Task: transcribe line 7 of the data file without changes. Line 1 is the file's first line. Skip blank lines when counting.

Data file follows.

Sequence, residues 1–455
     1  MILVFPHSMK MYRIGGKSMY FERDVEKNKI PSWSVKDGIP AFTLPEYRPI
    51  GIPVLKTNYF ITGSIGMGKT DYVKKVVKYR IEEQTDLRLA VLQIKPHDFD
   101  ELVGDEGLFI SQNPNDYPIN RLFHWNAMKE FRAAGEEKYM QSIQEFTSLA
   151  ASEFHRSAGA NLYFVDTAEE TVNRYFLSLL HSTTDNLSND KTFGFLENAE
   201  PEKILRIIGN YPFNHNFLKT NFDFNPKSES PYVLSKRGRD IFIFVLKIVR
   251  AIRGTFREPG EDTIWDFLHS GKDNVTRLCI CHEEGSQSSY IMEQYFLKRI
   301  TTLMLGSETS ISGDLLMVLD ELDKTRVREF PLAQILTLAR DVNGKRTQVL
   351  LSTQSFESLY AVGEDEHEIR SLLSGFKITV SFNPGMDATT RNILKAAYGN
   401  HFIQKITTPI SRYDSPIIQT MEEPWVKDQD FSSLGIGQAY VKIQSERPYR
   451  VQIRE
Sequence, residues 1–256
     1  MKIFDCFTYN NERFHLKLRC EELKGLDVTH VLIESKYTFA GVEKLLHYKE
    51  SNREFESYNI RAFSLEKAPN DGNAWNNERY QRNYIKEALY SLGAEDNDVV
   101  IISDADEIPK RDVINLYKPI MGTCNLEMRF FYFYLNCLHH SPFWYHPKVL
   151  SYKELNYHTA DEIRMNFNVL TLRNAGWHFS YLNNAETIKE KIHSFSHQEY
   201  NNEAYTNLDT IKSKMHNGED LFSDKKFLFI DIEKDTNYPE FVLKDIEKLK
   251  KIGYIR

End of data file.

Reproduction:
   251  AIRGTFREPG EDTIWDFLHS GKDNVTRLCI CHEEGSQSSY IMEQYFLKRI